fine endgame books found in my recommended book list. However, they will
only prove useful once you finish my course and have gained a solid master's
grasp of endgame theory. Remember, I'm trying to make your precious study
time count. Jumping from book to book is a fast track to nowhere.
Silman 's Complete Endgame Course is not organized by endgame type, which is
how it's been done in the past. Unfortunately, organizing the study of endgames
by type ultimately fails the student by offering too much information too fast.
Instead, I've divided my book by rating—by what you personally need to know
so that your endgame IQ is equal to your overall playing strength.
For example, if you have just learned to play, all you need to study is the section
designed for beginners (Part One). After mastering the material there, put the
book away and spend your time studying tactics and a few strategic concepts.
Once your overall strength tightens up and you feel you're ready to break into
class "E", re-open this book and master the material that's been designed for
players rated from 1000 to 1199 (Part Two), then repeat this process as you
move up the rating ladder.

If you already possess a high rating, let's say class "B" (Part Five), you must
make sure you completely understand everything in the earlier sections before
tackling the "B" material. If you fail to do this, you'll find yourself lost, confused,
and frustrated. Patiently go through each part of the book up to or, at most,
one part above your present rating. Make sure you thoroughly understand the
lessons in each part of the book. Memorization is a very poor substitute for true
Once you attain Expert strength (2000-2199), or once you're a strong "A"
player and wish to step up to the next level, the book's material changes some-
what and a concept I call "flowcharts" is explored. Nothing in this section will
make sense if you haven't carefully studied and absorbed everything I presented
Next, we come to the Master lessons (Part Eight), which embrace concepts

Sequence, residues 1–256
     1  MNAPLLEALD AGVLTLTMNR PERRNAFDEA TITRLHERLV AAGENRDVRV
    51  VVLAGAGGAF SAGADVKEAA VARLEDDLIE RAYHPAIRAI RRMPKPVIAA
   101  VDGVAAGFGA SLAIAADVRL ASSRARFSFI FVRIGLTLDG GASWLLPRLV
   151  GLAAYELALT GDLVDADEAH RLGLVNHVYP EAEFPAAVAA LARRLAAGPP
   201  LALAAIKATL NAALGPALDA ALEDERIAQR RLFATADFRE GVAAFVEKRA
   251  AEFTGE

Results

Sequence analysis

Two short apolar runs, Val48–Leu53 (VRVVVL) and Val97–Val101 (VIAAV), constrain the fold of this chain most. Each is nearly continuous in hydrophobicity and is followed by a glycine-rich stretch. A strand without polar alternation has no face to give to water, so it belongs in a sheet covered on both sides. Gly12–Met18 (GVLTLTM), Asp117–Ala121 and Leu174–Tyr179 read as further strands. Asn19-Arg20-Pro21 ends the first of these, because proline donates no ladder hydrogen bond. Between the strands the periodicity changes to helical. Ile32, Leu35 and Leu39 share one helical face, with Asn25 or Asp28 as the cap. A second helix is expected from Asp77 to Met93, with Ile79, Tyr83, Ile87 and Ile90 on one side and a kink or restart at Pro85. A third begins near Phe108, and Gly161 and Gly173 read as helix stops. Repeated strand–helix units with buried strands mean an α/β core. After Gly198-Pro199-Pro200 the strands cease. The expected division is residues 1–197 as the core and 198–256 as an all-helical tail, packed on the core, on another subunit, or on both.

more than positions or memorization. Oddly, I think class "A" players and
Experts can get a lot out of this section, so feel free to leap ahead and read it if
you've already reached these levels.
Part Nine is Endgames for Pure Pleasure. Here anyone of any rating can
enjoy the comic look of entombed or dominated minor pieces, tactics in the
endgame, and a study of The Five Greatest Endgame Players of All Time. You
might not necessarily understand all of this section's nuances if you're of less
than Expert strength, but that shouldn't prevent you from deriving a good deal
of pleasure from the examples.
When studying this book, please remember that I've deliberately left out many
endgames. Why? Because I don't feel they are important to players under the
2400 level. For example, I heretically decided not to include Bishop and Knight
vs. Lone King because it's far from easy to master, and it occurs very rarely in
over-the-board play. In fact, I only got it once in my entire career, while IM
John Watson and IM John Donaldson never got it at all! Is such a rarity really
worth the two or three hours it would take to learn it? I say no. Ultimately, this
is what Silman's Complete Endgame Course is all about: Learning what's useful,
and devoting the rest of your precious study time to other areas of the game.